Listing 32. Using the at command
[ian@lyrebird ~]$ at -f -v 10:25
Sat Jul  7 10:25:00 2007

job 5 at Sat Jul  7 10:25:00 2007
Listing 33. Job output from at
From  Sat Jul  7 10:25:00 2007
Date: Sat, 7 Jul 2007 10:25:00 -0400
From: Ian Shields <>
Subject: Output from your job        5

It is now 10:25:00 on Saturday

Time specifications can be quite complex. Listing 34 shows a few examples. See the man page for at or the file /usr/share/doc/at/timespec or a file such as /usr/share/doc/at-3.1.10/timespec, where 3.1.10 in this example is the version of the at package.

Listing 34. Time values with the at command
[ian@lyrebird ~]$ at -f  10pm tomorrow
job 14 at Sun Jul  8 22:00:00 2007
[ian@lyrebird ~]$ at -f 2:00 tuesday
job 15 at Tue Jul 10 02:00:00 2007
[ian@lyrebird ~]$ at -f 2:00 july 11
job 16 at Wed Jul 11 02:00:00 2007
[ian@lyrebird ~]$ at -f 2:00 next week
job 17 at Sat Jul 14 02:00:00 2007

The at command also has a -q option. Increasing the queue increases the nice value for the job. There is also a batch command, which is similar to the at command except that jobs are run only when the system load is low enough. See the man pages for more details on these features.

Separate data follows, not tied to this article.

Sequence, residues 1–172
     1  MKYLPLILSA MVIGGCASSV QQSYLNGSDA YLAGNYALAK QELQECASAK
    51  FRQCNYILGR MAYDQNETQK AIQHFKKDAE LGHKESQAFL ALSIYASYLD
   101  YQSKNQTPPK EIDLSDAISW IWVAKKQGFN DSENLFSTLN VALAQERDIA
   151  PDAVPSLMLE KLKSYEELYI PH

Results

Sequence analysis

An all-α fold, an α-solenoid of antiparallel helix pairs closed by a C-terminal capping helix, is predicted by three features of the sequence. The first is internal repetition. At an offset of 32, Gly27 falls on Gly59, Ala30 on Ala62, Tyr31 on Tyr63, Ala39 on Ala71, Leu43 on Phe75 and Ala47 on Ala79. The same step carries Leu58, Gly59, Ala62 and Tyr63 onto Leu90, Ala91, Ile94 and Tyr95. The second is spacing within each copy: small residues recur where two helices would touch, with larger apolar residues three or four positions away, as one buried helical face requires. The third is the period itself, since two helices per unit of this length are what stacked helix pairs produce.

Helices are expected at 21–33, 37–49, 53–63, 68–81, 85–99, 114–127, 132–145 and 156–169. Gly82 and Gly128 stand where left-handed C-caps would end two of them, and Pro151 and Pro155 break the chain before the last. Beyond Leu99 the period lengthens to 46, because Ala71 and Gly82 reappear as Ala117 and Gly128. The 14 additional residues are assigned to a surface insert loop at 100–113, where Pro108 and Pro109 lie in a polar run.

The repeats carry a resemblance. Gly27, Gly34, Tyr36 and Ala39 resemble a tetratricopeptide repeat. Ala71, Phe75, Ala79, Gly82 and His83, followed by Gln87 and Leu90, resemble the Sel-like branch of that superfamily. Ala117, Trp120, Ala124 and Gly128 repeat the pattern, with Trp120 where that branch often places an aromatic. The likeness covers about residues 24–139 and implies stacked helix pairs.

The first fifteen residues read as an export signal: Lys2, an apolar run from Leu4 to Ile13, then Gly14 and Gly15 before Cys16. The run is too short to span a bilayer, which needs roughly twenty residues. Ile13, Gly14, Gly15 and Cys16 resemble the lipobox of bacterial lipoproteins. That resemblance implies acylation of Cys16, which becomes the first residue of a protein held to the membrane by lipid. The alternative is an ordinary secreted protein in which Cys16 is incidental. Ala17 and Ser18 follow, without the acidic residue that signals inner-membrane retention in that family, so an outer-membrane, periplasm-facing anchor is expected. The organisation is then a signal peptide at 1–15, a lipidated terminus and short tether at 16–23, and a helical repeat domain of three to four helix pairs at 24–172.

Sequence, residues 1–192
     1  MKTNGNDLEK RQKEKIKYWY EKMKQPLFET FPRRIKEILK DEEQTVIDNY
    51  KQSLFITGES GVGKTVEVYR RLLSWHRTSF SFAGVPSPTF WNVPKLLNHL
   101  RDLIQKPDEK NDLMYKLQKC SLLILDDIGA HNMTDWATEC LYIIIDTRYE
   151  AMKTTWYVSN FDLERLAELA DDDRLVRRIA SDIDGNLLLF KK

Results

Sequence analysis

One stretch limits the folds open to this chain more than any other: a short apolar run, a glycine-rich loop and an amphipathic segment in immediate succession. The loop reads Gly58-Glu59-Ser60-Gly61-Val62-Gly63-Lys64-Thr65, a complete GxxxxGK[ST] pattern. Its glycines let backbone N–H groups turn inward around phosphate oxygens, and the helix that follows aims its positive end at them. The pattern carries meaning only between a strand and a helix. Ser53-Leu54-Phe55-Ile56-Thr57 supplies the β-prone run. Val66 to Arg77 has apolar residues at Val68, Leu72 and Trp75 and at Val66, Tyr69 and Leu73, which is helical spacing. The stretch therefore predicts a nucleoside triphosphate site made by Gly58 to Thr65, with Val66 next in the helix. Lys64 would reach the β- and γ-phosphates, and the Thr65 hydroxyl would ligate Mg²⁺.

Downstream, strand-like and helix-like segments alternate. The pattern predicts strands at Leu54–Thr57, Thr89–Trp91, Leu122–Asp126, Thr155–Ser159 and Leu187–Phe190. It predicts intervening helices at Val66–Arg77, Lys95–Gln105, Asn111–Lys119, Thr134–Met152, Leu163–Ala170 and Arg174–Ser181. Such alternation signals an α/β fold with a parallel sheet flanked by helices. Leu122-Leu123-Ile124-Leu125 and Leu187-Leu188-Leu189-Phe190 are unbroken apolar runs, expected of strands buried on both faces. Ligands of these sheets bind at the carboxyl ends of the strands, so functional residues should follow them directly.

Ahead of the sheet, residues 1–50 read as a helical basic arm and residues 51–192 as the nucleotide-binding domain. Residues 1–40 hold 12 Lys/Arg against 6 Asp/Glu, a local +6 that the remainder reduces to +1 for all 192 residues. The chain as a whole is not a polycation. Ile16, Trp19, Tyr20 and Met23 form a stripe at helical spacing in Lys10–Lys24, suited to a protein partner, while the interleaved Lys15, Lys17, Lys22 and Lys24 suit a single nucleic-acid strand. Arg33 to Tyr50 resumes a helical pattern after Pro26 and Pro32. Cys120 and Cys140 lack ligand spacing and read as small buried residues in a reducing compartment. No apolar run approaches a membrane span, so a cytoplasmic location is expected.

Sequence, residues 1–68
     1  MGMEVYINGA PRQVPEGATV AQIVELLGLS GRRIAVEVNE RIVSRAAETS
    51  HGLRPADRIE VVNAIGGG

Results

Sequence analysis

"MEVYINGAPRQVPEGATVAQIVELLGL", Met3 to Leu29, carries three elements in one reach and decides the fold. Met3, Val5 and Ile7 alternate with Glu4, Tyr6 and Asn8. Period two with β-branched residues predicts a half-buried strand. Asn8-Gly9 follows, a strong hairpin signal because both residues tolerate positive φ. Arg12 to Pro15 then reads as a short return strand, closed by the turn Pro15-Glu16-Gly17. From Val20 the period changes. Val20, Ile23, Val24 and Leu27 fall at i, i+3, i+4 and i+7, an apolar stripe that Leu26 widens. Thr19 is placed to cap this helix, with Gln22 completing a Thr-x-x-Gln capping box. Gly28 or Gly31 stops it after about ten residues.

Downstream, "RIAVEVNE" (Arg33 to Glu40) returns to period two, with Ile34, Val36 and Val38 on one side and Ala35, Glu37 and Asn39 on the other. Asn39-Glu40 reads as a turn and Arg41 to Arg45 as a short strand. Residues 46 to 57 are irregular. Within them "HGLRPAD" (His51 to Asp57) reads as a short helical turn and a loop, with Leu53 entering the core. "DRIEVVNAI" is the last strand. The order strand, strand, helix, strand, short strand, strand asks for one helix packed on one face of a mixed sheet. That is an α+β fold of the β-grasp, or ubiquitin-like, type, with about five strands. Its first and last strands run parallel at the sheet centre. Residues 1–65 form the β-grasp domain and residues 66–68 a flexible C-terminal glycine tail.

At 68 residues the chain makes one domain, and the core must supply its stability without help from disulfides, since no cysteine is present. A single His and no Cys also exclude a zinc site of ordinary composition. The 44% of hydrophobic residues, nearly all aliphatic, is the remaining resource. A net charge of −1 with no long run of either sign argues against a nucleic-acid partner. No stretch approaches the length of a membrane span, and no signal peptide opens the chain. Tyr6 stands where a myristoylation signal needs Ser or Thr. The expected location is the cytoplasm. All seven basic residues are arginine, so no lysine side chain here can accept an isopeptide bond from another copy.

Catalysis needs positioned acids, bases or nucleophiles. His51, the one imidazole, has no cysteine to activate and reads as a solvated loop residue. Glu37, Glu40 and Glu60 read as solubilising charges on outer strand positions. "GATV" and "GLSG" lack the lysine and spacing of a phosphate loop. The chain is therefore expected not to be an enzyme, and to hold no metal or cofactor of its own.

Manage scheduled jobs

Listing scheduled jobs

You can manage your cron and at jobs. Use the crontab command with the -l option to list your crontab, and use the atq command to display the jobs you have queued using the at command, as shown in Listing 35.

Listing 35. Displaying scheduled jobs
[ian@lyrebird ~]$ crontab -l
0,20,40 22-23 * 7 fri-sat /home/ian/
[ian@lyrebird ~]$ atq
16      Wed Jul 11 02:00:00 2007 a ian
17      Sat Jul 14 02:00:00 2007 a ian
14      Sun Jul  8 22:00:00 2007 a ian
15      Tue Jul 10 02:00:00 2007 a ian

If you want to review the actual command scheduled for execution by at, you can use the at command with the -c option and the job number. You will notice that most of the environment that was active at the time the at command was issued is saved with the scheduled job. Listing 36 shows part of the output for job 15.

Listing 36. Using at -c with a job number
# atrun uid=500 gid=500
# mail ian 0
umask 2; export HOSTNAME
SHELL=/bin/bash; export SHELL
SSH_CLIENT=\ 3210\ 22; export SSH_CLIENT
SSH_TTY=/dev/pts/5; export SSH_TTY
USER=ian; export USER
HOME=/home/ian; export HOME
cd /home/ian || {